Ron Stallworth, an African American police officer from Colorado Springs, CO, successfully manages to infiltrate the local Ku Klux Klan branch with the help of a Jewish surrogate who eventually becomes its leader. Based on actual events.
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In the early 1970s, Ron Stallworth is hired as the first black officer in the Colorado Springs, Colorado police department. Stallworth is initially assigned to work in the records room, where he faces racial slurs from his coworkers. Stallworth requests a transfer to go undercover, and is assigned to infiltrate a local rally at which national civil rights leader Kwame Ture (birth name Stokely Carmichael) is to give a speech. At the rally, Stallworth meets Patrice Dumas, the president of the black student union at Colorado College. While taking Ture to his hotel, Patrice is stopped by patrolman Andy Landers, a corrupt, racist officer in Stallworth's precinct, who threatens Ture and sexually assaults Patrice..
The film is produced by Spike Lee, Raymond Mansfield, Shaun Redick, Sean McKittrick, Jason Blum, and Jordan Peele. Redick purchased the film rights to the book in 2015, and Lee signed on as director in September 2017. Much of the cast joined the following month, and filming began in New York State (Ossining, New York). See more »
Kennebrew Beauregard uses the term "super predator" in the prologue, which takes place in the 1960s. The term was not coined until the 1990s. See more »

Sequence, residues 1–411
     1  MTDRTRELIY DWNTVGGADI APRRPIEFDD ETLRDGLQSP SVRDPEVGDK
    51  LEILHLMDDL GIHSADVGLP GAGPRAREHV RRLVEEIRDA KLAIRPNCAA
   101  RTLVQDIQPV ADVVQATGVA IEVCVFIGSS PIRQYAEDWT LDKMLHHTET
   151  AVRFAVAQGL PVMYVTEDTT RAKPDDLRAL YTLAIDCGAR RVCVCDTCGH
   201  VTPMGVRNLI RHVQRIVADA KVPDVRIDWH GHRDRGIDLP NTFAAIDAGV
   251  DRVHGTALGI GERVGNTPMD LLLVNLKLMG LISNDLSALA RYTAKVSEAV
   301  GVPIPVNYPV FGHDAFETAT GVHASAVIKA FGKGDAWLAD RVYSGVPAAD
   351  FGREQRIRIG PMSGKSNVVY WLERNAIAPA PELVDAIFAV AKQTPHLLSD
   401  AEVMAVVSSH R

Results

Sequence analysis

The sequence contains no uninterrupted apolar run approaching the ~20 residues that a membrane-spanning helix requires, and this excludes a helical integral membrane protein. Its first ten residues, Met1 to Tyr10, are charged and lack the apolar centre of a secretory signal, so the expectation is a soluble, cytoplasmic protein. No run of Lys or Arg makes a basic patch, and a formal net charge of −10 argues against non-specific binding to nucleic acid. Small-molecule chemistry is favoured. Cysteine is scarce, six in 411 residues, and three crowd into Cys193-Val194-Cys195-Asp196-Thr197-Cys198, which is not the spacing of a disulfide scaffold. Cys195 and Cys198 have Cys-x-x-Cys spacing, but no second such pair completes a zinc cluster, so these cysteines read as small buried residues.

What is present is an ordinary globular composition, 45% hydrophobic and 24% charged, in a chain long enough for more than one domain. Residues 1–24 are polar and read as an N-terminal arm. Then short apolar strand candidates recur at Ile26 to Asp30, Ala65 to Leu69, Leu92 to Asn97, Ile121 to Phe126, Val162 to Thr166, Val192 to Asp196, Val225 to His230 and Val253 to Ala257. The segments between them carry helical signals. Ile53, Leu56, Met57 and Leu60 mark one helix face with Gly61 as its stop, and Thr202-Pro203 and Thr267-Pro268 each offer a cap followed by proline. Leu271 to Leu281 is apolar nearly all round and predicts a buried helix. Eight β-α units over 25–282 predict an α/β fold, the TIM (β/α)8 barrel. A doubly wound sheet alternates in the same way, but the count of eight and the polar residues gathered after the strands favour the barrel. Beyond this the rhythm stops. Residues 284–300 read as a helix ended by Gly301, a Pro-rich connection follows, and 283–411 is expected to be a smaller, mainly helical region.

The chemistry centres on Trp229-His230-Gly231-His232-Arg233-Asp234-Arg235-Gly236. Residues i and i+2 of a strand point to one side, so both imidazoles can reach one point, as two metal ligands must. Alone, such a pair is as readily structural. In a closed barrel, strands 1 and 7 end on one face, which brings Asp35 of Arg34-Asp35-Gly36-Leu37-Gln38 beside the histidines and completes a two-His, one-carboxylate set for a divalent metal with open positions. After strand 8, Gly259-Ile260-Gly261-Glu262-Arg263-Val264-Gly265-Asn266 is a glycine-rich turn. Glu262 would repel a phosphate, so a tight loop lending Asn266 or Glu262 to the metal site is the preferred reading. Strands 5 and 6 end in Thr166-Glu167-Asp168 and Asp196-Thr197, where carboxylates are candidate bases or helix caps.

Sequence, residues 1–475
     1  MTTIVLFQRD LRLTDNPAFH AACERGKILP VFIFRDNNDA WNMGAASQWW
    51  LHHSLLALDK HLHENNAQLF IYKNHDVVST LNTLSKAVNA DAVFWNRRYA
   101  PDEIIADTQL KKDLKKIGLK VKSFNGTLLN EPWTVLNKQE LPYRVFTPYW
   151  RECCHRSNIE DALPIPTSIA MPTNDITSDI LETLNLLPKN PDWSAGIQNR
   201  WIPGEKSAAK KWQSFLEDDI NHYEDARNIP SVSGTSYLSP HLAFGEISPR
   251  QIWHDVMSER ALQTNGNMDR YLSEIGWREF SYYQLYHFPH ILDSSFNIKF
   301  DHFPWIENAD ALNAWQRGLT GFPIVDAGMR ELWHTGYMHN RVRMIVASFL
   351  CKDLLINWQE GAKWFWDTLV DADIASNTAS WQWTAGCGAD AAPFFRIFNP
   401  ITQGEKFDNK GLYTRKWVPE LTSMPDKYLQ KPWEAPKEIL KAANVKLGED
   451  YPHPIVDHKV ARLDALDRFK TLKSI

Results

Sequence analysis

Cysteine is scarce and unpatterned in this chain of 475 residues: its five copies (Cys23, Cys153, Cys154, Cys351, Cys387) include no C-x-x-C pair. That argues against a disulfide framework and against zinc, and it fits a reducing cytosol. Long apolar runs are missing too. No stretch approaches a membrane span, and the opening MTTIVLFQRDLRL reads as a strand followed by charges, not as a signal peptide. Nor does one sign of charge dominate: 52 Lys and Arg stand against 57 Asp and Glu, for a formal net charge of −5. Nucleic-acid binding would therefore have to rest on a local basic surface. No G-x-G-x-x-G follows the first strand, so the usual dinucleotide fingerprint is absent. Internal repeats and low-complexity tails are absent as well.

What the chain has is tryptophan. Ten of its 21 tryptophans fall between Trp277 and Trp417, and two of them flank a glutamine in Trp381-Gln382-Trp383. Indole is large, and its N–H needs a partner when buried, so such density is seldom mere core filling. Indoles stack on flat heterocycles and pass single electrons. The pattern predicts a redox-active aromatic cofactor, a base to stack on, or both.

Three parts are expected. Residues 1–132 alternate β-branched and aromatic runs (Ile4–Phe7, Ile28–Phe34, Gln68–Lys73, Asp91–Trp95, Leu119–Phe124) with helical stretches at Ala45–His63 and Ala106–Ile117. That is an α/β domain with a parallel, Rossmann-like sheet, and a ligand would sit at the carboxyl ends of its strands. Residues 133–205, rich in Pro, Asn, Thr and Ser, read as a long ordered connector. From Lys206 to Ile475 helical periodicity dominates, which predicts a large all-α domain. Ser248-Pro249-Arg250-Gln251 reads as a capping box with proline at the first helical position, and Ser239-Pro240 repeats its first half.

Dr. Kennebrew Beauregard:
Hello, my fellow Americans. They say we may have lost the battle but we didn't lose the war. Yes, my friends, we are under attack. You may have read about this in your local newspapers or seen it on the evening news. That's right. We are living in an era marked by the spread of integration and miscegenation. The Brown decision. The Brown decision, forced upon us by the Jewish-controlled puppets on the U.S. Supreme Court, compelling white children to go to school with an inferior ...
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A Powerful Message that Gets Unfortunately Forced on the Audience
Spike Lee's films have never really resonated with me for whatever reason. BlacKkKlansman is a fascinating story with an average execution at best. Lee brings some solid performances out of Adam Driver and John David Washington, but I'm not sure those characters are fleshed out as much as they should be. But my problem doesn't come with the actors or story per say, but more so with the message that is shoved down your throat. The very beginning and end of this movie present a particular message that is prevalent throughout the film on its own, without the book end scenes. It's a powerful message and reminder for our country, which is still going through its own version of the racism shown in the movie. Perhaps more subtle directing and a better 3rd act would have given this a higher score.
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